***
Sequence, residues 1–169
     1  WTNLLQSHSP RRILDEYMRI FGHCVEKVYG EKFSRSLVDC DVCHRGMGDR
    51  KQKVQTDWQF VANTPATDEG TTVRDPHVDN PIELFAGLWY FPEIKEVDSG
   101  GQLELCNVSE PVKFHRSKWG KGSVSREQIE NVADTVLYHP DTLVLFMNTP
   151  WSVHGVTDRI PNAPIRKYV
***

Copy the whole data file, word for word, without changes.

Sequence, residues 1–169
     1  WTNLLQSHSP RRILDEYMRI FGHCVEKVYG EKFSRSLVDC DVCHRGMGDR
    51  KQKVQTDWQF VANTPATDEG TTVRDPHVDN PIELFAGLWY FPEIKEVDSG
   101  GQLELCNVSE PVKFHRSKWG KGSVSREQIE NVADTVLYHP DTLVLFMNTP
   151  WSVHGVTDRI PNAPIRKYV